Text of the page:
Legislative staffers found a surprise waiting under their office doors yesterday.
Fliers calling on embattled UT Regent Wallace Hall to resign were slid under all 181 House and Senate office doors at some point in the last 48 hours.
The fliers urge Longhorns to unite in calling for Hall to resign. The fliers have no disclaimer or attribution.
Hall is in hot water for his open-records witch hunt against UT President Bill Powers, as well as the perception that he does Rick Perry's bidding on the UT Board of Regents, which oversees the state's flagship university system. Last week, a special report prepared for the House Select Committee on Transparency in State Agency Operations found that Hall had committed impeachable offenses.
Click below the jump to see the fliers calling for UT Regent Wallace Hall's removal from office. Burnt Orange Report has been provided an image of the flier by an anonymous source. Here is the front and back:
Hall is widely credited with leading the charge on the Board of Regents to try and oust UT President Bill Powers, claiming in 2013 that he would not still be at UT by year's end. (How'd that turn out? Just checking.)
Hall also overstepped the bounds of his office by secretly communicating with Nick Saban's agent about bringing the coach to UT to replace Mack Brown. (Another clear win for Hall, obviously.)
Hall and Perry buddy Jeff Sandefer have also donated vast sums of money to a PAC that is now used to target moderate Republican candidates for the Legislature. The effort is ideologically aligned with Rick Perry's apparent desire to turn UT-Austin into little more than a trade school churning out $10,000 diplomas rather than educating the next generation of Texas leaders.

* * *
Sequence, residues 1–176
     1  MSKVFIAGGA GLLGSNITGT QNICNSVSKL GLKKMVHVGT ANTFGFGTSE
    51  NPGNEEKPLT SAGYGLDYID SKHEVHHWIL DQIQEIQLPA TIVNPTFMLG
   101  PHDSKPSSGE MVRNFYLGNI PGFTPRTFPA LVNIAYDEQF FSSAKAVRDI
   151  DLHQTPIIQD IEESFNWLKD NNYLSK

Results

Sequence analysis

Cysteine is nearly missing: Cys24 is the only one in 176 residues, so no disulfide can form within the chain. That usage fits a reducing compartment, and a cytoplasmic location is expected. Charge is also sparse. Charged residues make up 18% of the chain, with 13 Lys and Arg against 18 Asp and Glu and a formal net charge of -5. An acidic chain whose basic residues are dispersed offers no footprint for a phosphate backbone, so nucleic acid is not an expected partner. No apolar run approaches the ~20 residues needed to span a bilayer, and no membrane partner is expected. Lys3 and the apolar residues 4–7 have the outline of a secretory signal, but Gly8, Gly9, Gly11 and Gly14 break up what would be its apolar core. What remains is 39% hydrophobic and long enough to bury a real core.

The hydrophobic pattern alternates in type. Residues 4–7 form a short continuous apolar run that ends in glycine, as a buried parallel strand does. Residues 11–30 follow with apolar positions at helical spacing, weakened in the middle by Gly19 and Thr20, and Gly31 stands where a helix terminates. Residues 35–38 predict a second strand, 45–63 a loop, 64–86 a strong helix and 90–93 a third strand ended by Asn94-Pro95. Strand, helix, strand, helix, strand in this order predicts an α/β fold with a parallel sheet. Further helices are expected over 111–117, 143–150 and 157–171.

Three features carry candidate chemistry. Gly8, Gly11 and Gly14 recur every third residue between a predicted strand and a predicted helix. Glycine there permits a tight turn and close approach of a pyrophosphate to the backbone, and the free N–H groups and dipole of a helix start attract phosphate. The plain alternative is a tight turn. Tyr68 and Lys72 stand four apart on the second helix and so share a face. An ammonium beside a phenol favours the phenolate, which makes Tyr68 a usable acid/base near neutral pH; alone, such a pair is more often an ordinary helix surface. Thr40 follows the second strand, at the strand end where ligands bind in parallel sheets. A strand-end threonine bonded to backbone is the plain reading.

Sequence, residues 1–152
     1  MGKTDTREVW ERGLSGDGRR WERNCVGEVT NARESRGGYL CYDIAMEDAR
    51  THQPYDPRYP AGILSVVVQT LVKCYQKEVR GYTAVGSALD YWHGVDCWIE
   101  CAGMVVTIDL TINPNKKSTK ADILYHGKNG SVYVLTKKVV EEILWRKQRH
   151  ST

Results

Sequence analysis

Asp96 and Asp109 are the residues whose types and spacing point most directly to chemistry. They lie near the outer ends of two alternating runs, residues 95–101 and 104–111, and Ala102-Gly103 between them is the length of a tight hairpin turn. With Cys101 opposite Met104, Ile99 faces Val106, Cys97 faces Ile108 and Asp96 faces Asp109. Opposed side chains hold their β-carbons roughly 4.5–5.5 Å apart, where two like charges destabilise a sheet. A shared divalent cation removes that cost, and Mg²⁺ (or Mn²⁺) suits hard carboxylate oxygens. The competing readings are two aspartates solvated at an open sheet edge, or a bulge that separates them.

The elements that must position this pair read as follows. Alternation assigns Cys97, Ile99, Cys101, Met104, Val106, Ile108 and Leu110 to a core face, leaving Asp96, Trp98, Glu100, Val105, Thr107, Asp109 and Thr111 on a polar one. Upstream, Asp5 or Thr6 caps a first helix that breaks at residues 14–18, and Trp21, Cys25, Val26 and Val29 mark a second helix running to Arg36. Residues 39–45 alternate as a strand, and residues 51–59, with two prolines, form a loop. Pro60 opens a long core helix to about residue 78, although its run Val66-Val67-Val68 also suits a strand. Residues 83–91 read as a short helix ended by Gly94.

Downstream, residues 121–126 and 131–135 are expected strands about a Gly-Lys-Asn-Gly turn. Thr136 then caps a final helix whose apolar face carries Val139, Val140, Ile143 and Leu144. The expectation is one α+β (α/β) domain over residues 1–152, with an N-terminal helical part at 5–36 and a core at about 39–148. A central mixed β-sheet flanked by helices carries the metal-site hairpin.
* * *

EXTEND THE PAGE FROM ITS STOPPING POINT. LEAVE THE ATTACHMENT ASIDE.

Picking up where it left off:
As a member of the UT Board of Regents, Hall has led an unprecedented witch-hunt against the widely respected Powers, requesting an excess of documentation and largely tying the administration up in his paperwork boondoggle.
Hall has been found to have committed impeachable offenses. Whether the House Select Committee will take that action is unknown at this time. However, these fliers clearly indicate that there is a movement afoot to get rid of Hall, one way or another.
Resignation might cause less drama for the University of Texas and the state, though admittedly it would be less cathartic than seeing Hall tossed out on his ear.
The greater concern for advocates for quality higher education and proud Texas Exes and Longhorn alums is if the votes do not exist to oust Hall via impeachment. If that is the case, creating widespread public pressure for him to resign may be the best way to protect the quality and integrity of the UT system by removing its most problematic regent.